This is a question that has been floating around small business networking meetings and seminars for years and years. The opinions go back and forth and there are decent points on either end of the spectrum to consider. There are a lot of ways price your packages, and it’s something we’ve gone into detail about if you have attended one of our webinars, or purchased our in-depth lesson about pricing, packages, and add-ons. So rather than telling you what to do, I’ll tell you about some things to consider before you post your pricing so you can decide what is best for you.
Is your pricing a value statement?
Value Statement: A declaration that informs the customers and staff of a business about the firm’s top priorities and what its core beliefs are. Companies often use a value statement to help them identify with and connect to targeted consumers, as well as to remind employees about its priorities and goals.
So it’s important to consider what your pricing model is, and if it’s something you want to promote. If you are a new(er) company and affordability is something that you are attracting customers to your business through, then perhaps posting your pricing is a good thing to do. For example, if the average pricing in your area for a wedding reception DJ is $900 and you offer it for $700, then that would be considered a value statement of your business, and something you might want to promote. If you are one to offer deals on Yelp.com and other sites that give uplighting for a discounted price, or a DJ for a holiday party for $400 whereas everyone else is $200 per hour, then you might want to consider posting your pricing on your website because one of the reasons people will contact, is based on that fact alone. If you are average pricing, or a premiere pricing DJ (or strive to be) posting pricing is probably not a good idea and I’ll elaborate as to why, below.
Too much information does not lead to conversions
A website conversion is the most important factor to the success of your online marketing strategy and goals. It means getting your visitors to do what you want them to do, whether that is to buy your product, sign up for your newsletter, register for a webinar, download a whitepaper, or fill out a lead/contact form.
So, the basics of this concept are simple:
if you disclose all of the necessary information on your website when a potential customer visits it, what is the point of contacting you? More often than not, your site visitor will look at your site, look at some examples and perhaps read some of your literature, and then go to the disclosed pricing page and see if it is for them, or not.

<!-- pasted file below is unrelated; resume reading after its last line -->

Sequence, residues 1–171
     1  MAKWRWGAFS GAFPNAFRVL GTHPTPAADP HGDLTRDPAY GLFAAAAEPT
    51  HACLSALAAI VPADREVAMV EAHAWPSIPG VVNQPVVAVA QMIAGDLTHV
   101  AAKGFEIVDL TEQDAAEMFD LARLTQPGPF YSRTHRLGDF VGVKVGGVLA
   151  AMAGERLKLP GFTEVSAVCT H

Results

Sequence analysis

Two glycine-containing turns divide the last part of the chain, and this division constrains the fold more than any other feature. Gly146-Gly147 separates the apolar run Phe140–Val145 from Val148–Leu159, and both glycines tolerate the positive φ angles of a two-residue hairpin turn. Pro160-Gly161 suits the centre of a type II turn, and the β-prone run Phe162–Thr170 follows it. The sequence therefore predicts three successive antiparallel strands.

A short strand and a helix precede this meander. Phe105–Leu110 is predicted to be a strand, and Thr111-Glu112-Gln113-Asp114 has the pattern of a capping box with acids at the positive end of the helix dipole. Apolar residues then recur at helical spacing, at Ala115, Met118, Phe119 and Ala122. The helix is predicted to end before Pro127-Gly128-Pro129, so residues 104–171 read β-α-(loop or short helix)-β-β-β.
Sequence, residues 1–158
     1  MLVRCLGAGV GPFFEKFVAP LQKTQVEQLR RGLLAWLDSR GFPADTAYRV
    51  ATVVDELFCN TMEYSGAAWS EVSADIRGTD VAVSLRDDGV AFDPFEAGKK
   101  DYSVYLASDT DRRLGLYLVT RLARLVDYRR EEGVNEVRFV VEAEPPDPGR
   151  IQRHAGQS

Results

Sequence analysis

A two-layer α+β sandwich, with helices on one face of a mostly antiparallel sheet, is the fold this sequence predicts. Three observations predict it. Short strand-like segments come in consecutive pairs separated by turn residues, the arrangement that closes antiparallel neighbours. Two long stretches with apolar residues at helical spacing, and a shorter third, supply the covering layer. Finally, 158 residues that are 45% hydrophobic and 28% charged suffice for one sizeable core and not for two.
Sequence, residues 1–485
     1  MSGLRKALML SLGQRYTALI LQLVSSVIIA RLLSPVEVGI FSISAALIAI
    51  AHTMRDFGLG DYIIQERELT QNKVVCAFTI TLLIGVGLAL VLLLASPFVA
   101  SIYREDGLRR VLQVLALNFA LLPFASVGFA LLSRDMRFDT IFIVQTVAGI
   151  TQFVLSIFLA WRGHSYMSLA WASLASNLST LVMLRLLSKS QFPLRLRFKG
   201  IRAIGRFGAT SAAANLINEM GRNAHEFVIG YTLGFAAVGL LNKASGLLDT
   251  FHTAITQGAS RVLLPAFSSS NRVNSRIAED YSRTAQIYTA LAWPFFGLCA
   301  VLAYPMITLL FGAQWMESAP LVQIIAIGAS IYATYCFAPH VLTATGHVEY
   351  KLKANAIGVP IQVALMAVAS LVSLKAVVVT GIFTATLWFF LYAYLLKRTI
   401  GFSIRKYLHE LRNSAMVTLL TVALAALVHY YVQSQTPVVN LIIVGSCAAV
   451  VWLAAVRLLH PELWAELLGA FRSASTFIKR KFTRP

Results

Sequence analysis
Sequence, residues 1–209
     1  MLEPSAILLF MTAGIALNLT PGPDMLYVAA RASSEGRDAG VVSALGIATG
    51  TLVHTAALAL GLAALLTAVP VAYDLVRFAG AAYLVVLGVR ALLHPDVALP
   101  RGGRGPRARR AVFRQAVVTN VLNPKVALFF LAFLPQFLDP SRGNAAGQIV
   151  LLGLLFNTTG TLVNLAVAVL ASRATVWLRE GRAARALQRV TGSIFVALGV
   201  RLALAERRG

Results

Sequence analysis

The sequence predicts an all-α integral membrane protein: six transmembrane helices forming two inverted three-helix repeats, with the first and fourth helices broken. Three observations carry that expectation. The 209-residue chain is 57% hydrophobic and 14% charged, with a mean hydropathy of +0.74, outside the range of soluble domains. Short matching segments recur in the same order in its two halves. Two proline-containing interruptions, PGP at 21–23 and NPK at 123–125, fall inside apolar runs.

Since everyone wants to do a little price comparison, they go to the next site.
That site may not have pricing disclosed on their website, so in order to acquire the pricing, the client says “I guess I’ll fill out a quote request or contact form so I can get this businesses pricing”. The potential customer then gets an email back from that business/DJ and starts a point of contact with them.
From there, the business/DJ would most likely mention something about a consultation before giving an accurate quote, or would attempt to only give a starting price and would insist on meeting in person or talking on the phone before giving an accurate quote and there you have it, a conversion was made.
Most likely, the website that the customer visited first and had disclosed pricing on would NOT get the event.
Why? They missed out on the opportunity to speak with them or meet with them in person, as their website never funneled the potential client into a conversion.
DJ’s sell services, not products!!!
That’s right, there is a huge difference in strategy for those who would want to attract and convert sales of products, versus services. Products are all about price, warranties, ease to acquire, etc. Services are unique in that they are not all the same, not even close. In order to properly sell a service, you need to interact with your potential customers.
So there you have it. Conversions are made, by not disclosing too much information. If you’re attracting potential clients to your business by price, first and foremost, then maybe posting pricing is for you. Or if you happen to be so busy and established that you simply don’t have time to negotiate and discuss pricing and meet with people that may or may not be able to afford your pricing then perhaps posting pricing is for you.
But more often than not, it leads to fewer contact forms and fewer consultations.
The fact of the matter is, there is always a bit of sticker shock in the mobile DJ industry, particularly for high-end corporate events and weddings. So rather than just posting some high priced service without any explanation, it’s typically best to urge people into meeting with you so you can use value statements to show your clientele why the cost is what it is and prove your worth to them in a sales presentation.